Gay U.S. ambassadors take part in Newseum panel
Cardinal Nicolás de Jesús López Rodríguez of the Archdiocese of Santo Domingo during a June 26, 2013, press conference referred to the openly gay man that President Obama had nominated to become the next U.S. ambassador to the Dominican Republic as a “faggot.”
The U.S. Senate a few months later unanimously confirmed James “Wally” Brewster’s nomination in spite of continued opposition from López and other prominent Dominican religious leaders.
Brewster — who is a former Human Rights Campaign board member — on Tuesday became emotional during a panel at the Newseum in downtown Washington as he discussed the opposition that he and his husband, Bob Satawake, continue to face in the predominantly Roman Catholic country.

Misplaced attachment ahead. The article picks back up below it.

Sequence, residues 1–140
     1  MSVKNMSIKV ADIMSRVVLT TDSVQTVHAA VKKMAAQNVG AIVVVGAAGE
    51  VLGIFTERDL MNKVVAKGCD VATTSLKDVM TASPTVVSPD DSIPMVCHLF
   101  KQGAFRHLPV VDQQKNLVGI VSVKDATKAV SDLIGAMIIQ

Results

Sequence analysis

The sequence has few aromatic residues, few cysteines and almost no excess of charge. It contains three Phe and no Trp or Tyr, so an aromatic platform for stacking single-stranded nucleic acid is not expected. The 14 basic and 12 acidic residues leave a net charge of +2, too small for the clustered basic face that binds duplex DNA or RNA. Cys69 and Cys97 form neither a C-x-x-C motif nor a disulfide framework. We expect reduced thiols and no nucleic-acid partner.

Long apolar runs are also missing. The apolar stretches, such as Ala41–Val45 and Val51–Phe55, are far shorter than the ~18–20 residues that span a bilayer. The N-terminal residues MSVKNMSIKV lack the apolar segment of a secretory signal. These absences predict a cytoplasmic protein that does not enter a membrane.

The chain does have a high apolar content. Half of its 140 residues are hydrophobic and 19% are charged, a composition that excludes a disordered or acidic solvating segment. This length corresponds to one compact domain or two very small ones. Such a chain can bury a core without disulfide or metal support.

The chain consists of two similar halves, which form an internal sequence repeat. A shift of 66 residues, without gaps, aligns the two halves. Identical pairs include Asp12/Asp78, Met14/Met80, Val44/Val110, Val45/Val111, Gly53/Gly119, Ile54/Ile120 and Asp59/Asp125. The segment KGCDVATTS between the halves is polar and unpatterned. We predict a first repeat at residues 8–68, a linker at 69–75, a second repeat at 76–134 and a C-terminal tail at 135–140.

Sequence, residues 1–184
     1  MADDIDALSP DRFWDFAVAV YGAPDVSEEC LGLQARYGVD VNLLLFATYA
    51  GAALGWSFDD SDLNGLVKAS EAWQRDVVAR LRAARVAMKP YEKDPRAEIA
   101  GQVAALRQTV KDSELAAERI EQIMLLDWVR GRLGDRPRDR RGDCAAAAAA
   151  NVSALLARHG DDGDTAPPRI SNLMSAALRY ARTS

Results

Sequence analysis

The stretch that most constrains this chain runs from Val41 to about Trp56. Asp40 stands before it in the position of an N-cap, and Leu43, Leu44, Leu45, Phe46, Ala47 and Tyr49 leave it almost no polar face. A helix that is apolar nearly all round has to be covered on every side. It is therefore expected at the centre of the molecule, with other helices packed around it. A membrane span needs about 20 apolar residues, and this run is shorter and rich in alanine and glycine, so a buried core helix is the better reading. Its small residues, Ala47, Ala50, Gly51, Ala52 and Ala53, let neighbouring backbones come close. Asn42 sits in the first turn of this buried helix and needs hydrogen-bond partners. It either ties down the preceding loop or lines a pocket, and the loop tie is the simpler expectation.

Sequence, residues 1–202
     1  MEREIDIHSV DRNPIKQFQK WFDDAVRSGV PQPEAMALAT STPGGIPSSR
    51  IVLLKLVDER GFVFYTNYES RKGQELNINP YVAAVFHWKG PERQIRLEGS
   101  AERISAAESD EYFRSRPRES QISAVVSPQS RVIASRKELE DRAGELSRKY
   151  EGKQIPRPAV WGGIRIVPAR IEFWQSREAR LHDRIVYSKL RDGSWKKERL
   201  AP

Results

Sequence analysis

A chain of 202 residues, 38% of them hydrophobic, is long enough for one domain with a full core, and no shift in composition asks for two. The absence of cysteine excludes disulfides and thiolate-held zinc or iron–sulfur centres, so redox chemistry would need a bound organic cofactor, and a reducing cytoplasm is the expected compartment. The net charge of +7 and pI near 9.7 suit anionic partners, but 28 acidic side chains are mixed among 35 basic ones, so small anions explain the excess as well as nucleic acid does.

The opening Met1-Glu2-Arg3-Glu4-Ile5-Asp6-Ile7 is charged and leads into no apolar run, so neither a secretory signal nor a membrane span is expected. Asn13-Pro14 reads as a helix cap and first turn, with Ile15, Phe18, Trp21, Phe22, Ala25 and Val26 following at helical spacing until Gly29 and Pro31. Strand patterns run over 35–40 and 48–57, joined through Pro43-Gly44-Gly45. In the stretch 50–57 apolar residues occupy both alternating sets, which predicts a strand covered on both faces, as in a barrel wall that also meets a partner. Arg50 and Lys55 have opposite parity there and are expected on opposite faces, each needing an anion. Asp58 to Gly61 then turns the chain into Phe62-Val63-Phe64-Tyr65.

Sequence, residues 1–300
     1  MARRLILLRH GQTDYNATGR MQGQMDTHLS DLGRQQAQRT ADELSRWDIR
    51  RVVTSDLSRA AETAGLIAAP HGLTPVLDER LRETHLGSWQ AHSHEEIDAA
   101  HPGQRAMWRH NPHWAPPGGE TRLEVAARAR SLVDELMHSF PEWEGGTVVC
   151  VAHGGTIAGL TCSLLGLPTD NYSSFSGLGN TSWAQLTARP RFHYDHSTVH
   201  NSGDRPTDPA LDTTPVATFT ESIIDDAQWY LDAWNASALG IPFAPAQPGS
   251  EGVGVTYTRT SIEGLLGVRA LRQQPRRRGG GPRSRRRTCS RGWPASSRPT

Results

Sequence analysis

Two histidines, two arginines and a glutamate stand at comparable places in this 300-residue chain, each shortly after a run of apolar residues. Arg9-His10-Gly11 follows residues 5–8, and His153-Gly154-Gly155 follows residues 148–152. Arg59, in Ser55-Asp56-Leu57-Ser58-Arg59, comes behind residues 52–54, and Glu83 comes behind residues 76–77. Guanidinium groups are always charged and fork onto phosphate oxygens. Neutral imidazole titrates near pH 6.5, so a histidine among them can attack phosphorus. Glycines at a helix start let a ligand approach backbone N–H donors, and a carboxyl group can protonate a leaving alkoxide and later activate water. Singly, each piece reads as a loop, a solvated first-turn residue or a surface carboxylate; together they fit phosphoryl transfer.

“We knew that that’s not who the Dominican people were as a whole, and I think that was important to us,” said Brewster with Satawake sitting by his side. “Bob and I will celebrate 27 years together this year and from that perspective we both have a very strong Christian belief and so nobody is going to ever tell me that God doesn’t love me.”
Brewster and the five other openly gay U.S. ambassadors took part in a panel organized by HRC, the Harvey Milk Foundation and GLIFAA, a group of LGBT Foreign Service members
Randy Berry, the special U.S. envoy to promote global LGBT rights, and Dennis and Judy Shepard, parents of Matthew Shepard, the gay Wyoming college student who was beaten to death in 1998, were among the hundreds of people who attended the historic event.
Stuart Milk, the gay nephew of assassinated San Francisco Supervisor Harvey Milk and president of the Harvey Milk Foundation, moderated the panel.